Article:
enable over-the-top evangelism.

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5. Turning customer support into searchable content

Given the fundamental importance of search to customer acquisition,
finding ways to improve organic search results (SEO) is a top priority
for most businesses. That said, few have recognized that content
generated via customer communities can do just that. Explained Muller,
“somebody asks how they can use a particular camera to take better
pictures, that is then indexed by Google and then next person who
searches finds that conversation. Get Satisfaction] is taking something
that used to be a cost center, customer service, and turning it into
lead generation.”

6. Listening builds trust in and of itself

Dell famously solicited customer ideas and ended up producing a Linux
based laptop that no one bought. This kind of listening and responding
is not the ultimate intent of Get Satisfaction. While community
members are encouraged to offer ideas, Muller does not advocate, “design
by committee” or conclude that the customer is always right. “Even if
[a brand doesn’t] build what I want them to build or do what I want them
to do, I may be less likely to change to another product because I feel
close to them,” explained Muller.

7. Integrating customer conversations with your CRM system

Many sophisticated marketers, especially in B2B, rely on well-honed
CRM systems to track leads through the funnel. Get Satisfaction allows
these companies to take this one step further by connecting the social
web with workflow systems, trouble tickets and project management tools.
Explained Muller, “Knowing who a customer is, what their buying history
is, and what they care about is important to servicing them well.”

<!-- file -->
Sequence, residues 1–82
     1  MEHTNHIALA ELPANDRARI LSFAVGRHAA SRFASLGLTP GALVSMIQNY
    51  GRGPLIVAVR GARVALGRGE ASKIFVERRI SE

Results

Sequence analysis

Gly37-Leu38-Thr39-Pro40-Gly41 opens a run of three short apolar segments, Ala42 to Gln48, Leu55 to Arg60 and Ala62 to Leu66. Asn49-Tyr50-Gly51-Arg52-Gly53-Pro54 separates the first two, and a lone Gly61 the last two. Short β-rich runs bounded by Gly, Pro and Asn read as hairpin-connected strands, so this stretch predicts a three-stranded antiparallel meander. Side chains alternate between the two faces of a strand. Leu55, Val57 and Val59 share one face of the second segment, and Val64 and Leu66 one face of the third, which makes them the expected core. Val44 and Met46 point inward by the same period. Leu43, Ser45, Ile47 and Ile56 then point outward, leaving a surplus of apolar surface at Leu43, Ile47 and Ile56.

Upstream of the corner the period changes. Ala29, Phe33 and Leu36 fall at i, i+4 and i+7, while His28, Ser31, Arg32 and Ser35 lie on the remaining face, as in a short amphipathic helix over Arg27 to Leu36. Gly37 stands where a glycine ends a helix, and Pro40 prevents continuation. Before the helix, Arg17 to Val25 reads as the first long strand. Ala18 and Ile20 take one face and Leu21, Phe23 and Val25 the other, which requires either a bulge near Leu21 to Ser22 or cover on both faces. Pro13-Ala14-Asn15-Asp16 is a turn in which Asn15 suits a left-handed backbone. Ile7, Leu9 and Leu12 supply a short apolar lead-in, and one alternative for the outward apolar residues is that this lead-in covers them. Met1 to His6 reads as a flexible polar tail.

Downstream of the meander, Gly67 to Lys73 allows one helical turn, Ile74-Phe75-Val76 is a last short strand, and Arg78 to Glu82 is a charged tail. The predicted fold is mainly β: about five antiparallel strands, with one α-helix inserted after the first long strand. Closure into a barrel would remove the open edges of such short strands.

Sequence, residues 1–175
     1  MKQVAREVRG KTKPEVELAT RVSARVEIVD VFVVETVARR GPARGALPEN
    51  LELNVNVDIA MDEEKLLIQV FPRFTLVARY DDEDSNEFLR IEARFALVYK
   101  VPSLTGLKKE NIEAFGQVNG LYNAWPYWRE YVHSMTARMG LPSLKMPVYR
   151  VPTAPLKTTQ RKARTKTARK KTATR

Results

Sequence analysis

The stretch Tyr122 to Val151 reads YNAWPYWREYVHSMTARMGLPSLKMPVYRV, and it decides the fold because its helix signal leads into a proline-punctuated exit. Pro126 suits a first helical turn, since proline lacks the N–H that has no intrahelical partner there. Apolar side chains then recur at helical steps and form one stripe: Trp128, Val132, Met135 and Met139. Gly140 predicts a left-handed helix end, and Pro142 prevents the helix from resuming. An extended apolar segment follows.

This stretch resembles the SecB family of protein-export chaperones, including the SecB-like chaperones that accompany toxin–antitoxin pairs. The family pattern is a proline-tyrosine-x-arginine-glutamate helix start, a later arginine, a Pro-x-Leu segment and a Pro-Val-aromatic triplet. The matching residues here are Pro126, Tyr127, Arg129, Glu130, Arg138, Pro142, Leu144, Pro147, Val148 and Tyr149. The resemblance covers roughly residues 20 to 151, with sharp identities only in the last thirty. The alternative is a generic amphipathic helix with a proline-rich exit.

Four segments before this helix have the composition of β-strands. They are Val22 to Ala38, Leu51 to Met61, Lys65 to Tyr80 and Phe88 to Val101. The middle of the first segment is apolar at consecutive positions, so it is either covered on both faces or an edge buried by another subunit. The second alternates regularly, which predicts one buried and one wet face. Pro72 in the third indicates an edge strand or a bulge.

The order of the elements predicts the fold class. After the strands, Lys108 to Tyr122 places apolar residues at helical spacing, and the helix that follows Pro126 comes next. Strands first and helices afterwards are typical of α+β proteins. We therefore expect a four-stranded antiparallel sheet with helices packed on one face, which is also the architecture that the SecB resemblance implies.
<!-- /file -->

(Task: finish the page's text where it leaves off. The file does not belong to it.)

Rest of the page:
Suddenly a customer complaint becomes “actionable within an
organization,” given the CRM integration concluded Muller.

8. Measuring C-Sat on both a qualitative and quantitative basis

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While some pundits strive to simplify customer satisfaction to one
basic metric like Net Promoter, this may not be the ideal approach for
your particular business. Having witnessed thousands of customer
comments and complaints, Muller encourages clients to take a “more
holistic approach” and “measure satisfaction in various ways.” Having
developed something called a Satisfactometer, that explained Muller,
“might be something fun like an emoticon and other times might be
something more structured and numeric,” Get Satisfaction is delivering
both sides of the measurement equation.

Final Note: Having recently hired a CEO to drive the company
forward, Muller is re-focused on his true love, product development, so
we can expect even more satisfying features from Get Satisfaction in the
days ahead.

About the author

Drew is the founder of Renegade, the NYC-based social media and marketing agency that helps inspired B2B and B2C clients cut through all the nonsense to deliver genuine business growth. A frequent speaker at ad industry events, Drew’s been a featured expert on ABC’s Nightline and CNBC.